GLOB(1) General Commands GLOB(1)


glob - global command (file name generation)


glob command [arg ...]


Glob is a port of the global command from Sixth Edition UNIX. It is passed an argument list by sh6(1) which contains one or more unquoted pattern characters ( *, ?, [) and performs the actions described below on behalf of the shell.
Glob attempts to generate file-name arguments which match the given pattern arguments. The name of the specified command may also be given as a pattern. The meaning of each pattern character is as follows:
The * character in a pattern matches any string of characters in a file name (including the null string).
The ? character in a pattern matches any single character in a file name.
The [...] brackets in a pattern specifies a class of characters which matches any single file-name character in the class. Within the brackets, each character is taken to be a member of the class. A pair of characters separated by an unquoted - specifies the class as a range which matches each character lexically between the first and second member of the pair, inclusive. A - matches itself when quoted or when first or last in the class.
Any other character in a pattern matches itself in a file name.
Notice that the `.' character at the beginning of a file name, or immediately following a `/', is always special in that it must be matched explicitly. The same is true of the `/' character itself.
If the pattern contains no `/' characters, the current directory is always used. Otherwise, the specified directory is the one obtained by taking the pattern up to the last `/' before the first unquoted *, ?, or [. The matching process matches the remainder of the pattern after this `/' against the files in the specified directory.
If the argument contains no unquoted pattern characters, glob uses it as is. Otherwise, glob searches for file names in the current (or specified) directory which match the pattern. It then sorts them in ascending ASCII order, and the new sequence of arguments replaces the given pattern. The same process is carried out for each of the given arguments; the resulting lists are not merged. Finally, glob attempts to execute the command with the resulting argument list.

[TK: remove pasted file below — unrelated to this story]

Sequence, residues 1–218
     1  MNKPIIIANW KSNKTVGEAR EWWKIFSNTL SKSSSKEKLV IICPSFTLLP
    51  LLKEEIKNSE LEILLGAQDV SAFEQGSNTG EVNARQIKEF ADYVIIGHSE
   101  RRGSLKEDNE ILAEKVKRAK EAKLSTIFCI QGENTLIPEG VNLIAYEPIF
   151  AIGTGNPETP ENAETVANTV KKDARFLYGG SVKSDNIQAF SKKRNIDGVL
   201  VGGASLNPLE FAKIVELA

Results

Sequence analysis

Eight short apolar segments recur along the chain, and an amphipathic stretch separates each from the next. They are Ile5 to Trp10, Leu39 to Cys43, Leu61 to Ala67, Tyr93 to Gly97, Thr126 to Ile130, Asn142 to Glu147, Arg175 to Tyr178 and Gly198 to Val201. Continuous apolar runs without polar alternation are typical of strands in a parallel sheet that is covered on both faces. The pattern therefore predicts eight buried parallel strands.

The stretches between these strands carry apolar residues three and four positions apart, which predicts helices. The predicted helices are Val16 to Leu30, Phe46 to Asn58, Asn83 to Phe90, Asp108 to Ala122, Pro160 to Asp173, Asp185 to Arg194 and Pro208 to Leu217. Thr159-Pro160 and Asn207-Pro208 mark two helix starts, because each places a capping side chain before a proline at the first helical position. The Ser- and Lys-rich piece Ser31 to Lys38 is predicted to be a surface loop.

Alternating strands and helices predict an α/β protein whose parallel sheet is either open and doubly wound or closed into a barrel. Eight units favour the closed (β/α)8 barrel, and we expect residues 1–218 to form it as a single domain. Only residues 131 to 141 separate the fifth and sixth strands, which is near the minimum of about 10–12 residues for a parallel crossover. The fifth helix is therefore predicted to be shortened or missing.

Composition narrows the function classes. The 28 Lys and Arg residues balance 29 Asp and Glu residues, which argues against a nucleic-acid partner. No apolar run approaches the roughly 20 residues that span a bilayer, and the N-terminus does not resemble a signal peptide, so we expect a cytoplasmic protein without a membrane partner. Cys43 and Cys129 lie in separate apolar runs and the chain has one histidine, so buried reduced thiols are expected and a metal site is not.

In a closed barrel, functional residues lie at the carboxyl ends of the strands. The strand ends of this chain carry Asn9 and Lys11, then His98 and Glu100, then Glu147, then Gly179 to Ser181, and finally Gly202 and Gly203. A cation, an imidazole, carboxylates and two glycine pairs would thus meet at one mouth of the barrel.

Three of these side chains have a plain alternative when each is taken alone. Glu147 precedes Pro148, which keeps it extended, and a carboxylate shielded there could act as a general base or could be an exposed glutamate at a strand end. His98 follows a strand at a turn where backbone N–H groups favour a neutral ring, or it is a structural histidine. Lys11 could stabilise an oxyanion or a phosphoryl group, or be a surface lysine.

If glob detects an error, it prints an appropriate diagnostic and exits with a non-zero status. Otherwise, the exit status is that of the executed command.


Notice that the concept of `user environment' was not defined in Sixth Edition UNIX. Thus, use of the following environment variables by this port of the global command is an enhancement:
If set to a non-empty string, the value of this variable is taken as the path name of the shell which is invoked to execute the specified command when it does not begin with the proper magic number or a `#!shell' sequence.
If set to a non-empty string, the value of this variable is taken as the sequence of directories which is used to search for the specified command. Notice that the global command from Sixth Edition UNIX always used the equivalent of `.:/bin:/usr/bin', not PATH.


Osh home page:


A glob command appeared as /etc/glob in First Edition UNIX.


See either the LICENSE file which is distributed with osh or for full details.


Copyright (c) 2006-2017
Jeffrey Allen Neitzel. All rights reserved.

Copyright (c) 2001-2002
Caldera International Inc. All rights reserved.

Copyright (c) 1985, 1989, 1991, 1993
The Regents of the University of California. All rights reserved.
January 21, 2017 osh-4.3.0